Brunswick Group (Washington D.C.)

Terry Calvani

Brunswick Group (Washington D.C.)
Senior Advisor

Terry Calvani Senior Advisor at Brunswick Group in Washington, D.C. He joined Brunswick after retiring from Freshfields Bruckhaus Deringer. Previously he was Commissioner of the US Federal Trade Commission (1983-1990) and was acting Chairman of the Commission during 1985 and 1986. From 1990 until 2002 Mr. Calvani was a partner in the antitrust practice group of Pillsbury Winthrop. From 2002 until June 2005, he was a Member (of the board) of the Irish Competition Authority and Director of the Criminal Cartels Division. He also held the mergers portfolio during 2003. From 1974-1983, he was Professor of Law at Vanderbilt School of Law teaching courses on antitrust law. More recently he has taught antitrust law at Duke University School of Law (2000), the Harvard Law School (1998-2001), Trinity College, Dublin (2004-2005), and Cornell Law School (2006). Mr. Calvani is listed as a leading antitrust and regulatory lawyer in many guides and directories and was recently named one of the top 20 antitrust lawyers globally by Who’s Who Legal published by Law Business Research. Mr. Calvani’s practice focuses exclusively on antitrust. He has participated in very large international criminal cartel investigations in many industries and the private litigation that followed. He has also handled the antitrust review of a large number of acquisitions/joint ventures by U.S. and foreign competition authorities. He has also provided antitrust counseling to a large number of companies and several trade associations.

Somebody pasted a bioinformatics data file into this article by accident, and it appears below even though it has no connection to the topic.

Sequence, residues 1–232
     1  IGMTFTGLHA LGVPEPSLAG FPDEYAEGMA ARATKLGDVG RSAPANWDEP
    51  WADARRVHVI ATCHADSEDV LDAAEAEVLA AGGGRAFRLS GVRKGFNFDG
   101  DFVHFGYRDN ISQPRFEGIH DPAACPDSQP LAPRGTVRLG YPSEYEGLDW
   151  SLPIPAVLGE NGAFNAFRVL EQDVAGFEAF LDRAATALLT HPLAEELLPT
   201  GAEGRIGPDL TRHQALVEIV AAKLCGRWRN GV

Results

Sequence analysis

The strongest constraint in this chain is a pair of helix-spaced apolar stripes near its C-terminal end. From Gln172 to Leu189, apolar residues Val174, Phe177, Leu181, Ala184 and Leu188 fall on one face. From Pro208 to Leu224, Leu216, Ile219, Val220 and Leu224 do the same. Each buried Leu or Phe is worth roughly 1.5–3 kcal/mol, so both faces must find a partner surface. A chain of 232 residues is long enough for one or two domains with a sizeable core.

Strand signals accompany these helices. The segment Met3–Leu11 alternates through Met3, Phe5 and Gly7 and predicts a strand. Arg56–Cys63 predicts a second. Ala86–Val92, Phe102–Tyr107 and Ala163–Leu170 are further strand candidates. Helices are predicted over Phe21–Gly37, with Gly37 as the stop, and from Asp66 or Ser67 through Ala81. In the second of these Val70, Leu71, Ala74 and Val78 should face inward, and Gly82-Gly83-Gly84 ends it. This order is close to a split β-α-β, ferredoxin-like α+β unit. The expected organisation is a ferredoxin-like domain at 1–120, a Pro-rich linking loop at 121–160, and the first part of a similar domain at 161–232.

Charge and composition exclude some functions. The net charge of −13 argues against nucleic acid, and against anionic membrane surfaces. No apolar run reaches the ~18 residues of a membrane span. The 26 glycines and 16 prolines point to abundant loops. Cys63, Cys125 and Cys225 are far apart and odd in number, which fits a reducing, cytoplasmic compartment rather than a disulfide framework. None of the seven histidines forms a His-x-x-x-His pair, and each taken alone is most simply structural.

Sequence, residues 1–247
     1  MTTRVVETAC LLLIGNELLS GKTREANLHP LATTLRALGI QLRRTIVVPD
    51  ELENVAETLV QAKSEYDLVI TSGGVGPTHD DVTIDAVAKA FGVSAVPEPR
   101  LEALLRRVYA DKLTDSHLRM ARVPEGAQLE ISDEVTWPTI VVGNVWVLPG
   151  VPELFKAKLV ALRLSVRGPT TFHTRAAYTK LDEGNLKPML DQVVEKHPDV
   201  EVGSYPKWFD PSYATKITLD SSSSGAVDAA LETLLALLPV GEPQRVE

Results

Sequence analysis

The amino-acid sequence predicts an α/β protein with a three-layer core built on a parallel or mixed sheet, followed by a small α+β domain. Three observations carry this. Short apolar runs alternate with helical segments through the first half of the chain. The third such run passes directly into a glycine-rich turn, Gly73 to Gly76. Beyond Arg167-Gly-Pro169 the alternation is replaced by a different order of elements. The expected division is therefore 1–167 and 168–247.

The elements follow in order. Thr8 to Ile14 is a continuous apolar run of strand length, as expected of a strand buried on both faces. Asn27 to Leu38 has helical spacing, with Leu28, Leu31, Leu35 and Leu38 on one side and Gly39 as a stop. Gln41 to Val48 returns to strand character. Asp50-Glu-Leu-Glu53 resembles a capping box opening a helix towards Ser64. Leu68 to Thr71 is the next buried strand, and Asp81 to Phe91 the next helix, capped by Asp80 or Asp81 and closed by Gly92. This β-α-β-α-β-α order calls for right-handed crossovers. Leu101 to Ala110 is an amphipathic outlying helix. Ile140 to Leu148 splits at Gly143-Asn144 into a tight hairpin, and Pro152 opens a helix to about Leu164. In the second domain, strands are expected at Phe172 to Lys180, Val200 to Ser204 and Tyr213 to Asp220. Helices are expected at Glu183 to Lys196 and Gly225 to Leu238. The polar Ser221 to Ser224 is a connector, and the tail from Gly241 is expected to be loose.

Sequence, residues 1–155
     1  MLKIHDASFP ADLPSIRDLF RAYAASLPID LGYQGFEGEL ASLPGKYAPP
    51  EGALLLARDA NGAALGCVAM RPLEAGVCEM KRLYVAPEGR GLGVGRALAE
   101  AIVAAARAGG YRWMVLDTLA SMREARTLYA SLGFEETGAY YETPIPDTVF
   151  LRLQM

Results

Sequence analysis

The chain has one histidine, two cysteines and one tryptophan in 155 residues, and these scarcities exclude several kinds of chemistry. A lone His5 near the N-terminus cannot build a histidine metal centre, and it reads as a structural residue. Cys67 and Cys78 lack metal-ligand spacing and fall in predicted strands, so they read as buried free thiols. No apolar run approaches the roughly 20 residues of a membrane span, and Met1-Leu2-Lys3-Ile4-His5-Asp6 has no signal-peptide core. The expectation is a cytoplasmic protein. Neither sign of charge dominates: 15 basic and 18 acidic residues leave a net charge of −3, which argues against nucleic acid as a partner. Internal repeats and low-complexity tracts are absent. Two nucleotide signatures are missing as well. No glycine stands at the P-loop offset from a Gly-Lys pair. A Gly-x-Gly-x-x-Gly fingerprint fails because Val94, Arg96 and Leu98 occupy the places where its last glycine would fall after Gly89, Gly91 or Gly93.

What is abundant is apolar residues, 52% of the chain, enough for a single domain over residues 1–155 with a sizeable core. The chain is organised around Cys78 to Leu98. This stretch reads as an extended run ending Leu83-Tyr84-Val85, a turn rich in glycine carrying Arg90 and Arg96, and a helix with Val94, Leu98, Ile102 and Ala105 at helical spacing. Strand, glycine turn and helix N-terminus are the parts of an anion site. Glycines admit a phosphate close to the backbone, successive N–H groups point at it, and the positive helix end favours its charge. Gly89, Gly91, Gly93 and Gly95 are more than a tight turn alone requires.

Distinctions

Auteur associé

Brunswick Group (Brussels)

Vidéos

Terry Calvani
Terry Calvani 15 février 2018
Terry Calvani (Freshfields)
Terry Calvani 5 novembre 2018 Washington, DC

Articles

1672 Revue

Terry Calvani Cartel sanctions : A time for convergence ?

1193

Aujourd’hui plus de cent pays ont élaboré des régimes juridiques de la concurrence ; presque tous proscrivent les cartels. L’augmentation du nombre d’agences a fourni un plus grand nombre d’opportunités de coopération interservices, mais l’augmentation du nombre d’autorités concernées a aussi créée des (...)

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